Following their disappointing run at the 2019 League of Legends World Championship, Fnatic revealed earlier this week that Joey “Youngbuck” Steltenpool had decided to step down as the team’s head coach.
The announcement surfaced on Fnatic’s official website and their Twitter account on Tuesday, confirming that Youngbuck will part ways with Fnatic in pursuit of other opportunities.
In his farewell message, Youngbuck looked back at the 2018 season and described it as a “marvellous year where we [Fnatic] developed a lot as a team, as individuals and as a coaching staff”.
“This year, we still feel how painfully short we fell in two LEC splits before losing to FunPlus Phoenix at Worlds,” Youngbuck added.
“We were obviously looking to create similar success in 2019, but we found ourselves quickly swamped by internal issues in spring that we could not overcome as players and coaching staff by the year’s culmination.”
Addressing Fnatic’s performance at the 2019 Worlds, Youngbuck said the poor displays were not the fault of an individual but rather a mixture of far more complex issues. While the Dutchman sees the 2018 season as his career-best, he considerers the 2019 season as the worst in his LoL esports journey.
Youngbuck started his coaching career at Enemy in 2015 before moving to G2 Esports later in the year. At G2 he established himself as one of the best head coaches in the LoL pro scene by helping his team win four consecutive LEC titles before he decided to move to their rivals Fnatic in January 2018.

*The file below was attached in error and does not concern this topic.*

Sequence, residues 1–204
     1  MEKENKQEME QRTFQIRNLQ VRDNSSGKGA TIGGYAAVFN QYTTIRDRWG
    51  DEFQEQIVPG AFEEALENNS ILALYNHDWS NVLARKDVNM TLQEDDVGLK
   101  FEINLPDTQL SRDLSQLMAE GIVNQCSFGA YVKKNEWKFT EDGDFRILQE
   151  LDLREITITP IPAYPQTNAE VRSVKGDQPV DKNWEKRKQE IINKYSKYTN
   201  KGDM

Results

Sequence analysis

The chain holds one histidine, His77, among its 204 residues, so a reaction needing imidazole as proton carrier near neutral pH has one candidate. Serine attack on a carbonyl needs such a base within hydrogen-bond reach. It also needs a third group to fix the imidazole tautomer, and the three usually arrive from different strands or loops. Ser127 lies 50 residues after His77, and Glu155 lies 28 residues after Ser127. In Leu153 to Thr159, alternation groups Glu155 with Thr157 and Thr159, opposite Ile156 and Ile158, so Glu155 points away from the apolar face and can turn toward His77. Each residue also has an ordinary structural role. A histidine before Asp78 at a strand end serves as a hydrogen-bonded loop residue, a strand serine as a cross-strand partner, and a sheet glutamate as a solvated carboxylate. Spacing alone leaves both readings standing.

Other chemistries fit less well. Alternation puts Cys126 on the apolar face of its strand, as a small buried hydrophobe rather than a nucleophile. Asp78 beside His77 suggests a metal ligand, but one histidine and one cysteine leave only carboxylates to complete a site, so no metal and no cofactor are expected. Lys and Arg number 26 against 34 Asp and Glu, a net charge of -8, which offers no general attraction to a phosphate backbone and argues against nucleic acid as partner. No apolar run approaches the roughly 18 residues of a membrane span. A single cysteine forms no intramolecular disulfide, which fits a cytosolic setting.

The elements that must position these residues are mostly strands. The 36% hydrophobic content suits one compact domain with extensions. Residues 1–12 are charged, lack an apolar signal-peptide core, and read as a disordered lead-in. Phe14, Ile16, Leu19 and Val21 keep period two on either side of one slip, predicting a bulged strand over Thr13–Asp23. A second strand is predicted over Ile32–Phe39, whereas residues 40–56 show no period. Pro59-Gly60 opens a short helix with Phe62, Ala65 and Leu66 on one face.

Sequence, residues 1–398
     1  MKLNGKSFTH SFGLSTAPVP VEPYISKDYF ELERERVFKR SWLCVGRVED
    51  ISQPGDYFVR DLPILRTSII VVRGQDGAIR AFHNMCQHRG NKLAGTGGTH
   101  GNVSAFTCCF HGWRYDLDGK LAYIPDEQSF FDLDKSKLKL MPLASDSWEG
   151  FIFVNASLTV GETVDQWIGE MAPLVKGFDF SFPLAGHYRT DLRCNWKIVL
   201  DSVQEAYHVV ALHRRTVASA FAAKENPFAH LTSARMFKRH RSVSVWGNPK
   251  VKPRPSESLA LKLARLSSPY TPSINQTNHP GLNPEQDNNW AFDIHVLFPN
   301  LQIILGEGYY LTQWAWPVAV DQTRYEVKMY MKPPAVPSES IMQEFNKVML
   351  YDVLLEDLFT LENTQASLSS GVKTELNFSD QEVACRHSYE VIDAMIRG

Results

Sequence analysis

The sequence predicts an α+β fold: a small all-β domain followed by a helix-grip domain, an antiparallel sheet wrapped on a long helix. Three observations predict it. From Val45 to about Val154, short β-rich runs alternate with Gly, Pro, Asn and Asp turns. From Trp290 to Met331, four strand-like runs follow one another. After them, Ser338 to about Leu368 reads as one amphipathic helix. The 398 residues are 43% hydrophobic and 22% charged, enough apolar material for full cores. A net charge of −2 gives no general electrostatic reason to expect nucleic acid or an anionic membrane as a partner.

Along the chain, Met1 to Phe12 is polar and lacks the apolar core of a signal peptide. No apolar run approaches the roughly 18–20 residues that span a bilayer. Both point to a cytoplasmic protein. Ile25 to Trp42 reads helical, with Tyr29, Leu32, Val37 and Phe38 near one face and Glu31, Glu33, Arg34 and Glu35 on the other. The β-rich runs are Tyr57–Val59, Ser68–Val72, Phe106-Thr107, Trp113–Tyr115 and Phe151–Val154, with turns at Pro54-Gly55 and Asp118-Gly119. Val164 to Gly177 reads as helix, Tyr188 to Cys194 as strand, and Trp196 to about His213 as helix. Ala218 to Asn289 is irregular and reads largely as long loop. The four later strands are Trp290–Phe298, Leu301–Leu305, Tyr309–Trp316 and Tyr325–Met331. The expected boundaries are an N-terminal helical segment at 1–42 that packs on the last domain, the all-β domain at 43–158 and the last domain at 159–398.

During his time at Fnatic, Youngbuck won two back-to-back splits in 2018, which marked his sixth LEC title and earned him the nickname “Six-Star General”. The same year, Fnatic also reached the finals of the LoL World Championship, where they lost to Invictus Gaming.
While Fnatic’s 2018 season was one for the books, the season that followed was anything but.
Their struggles started early into 2019 season when they parted ways with Rasmus “Caps” Winther, followed by poor displays in the LEC Spring Split, where they finished third. During the LEC Summer Split, Fnatic looked far better but again lost out on the trophy after suffering a reverse sweep to G2 in the semi-finals.
Fnatic earned enough LEC points to seal a ticket for Worlds, but their performances on the biggest stage left much to be desired. Despite their resurgence in the second half of the group stage when they took down SK Telecom T1 and Royal Never Give Up, the Europeans flatlined in a one-sided quarter-final bout against eventual champions FunPlus Phoenix.
Youngbuck’s departure from Fnatic has sparked a wave of speculation as to where he might continue his coaching career. There were rumours of a potential switch to Team SoloMid, who recently parted ways with Tony “Zikz” Gray, but it appears the Six-Star General will not be moving to the United States any time soon.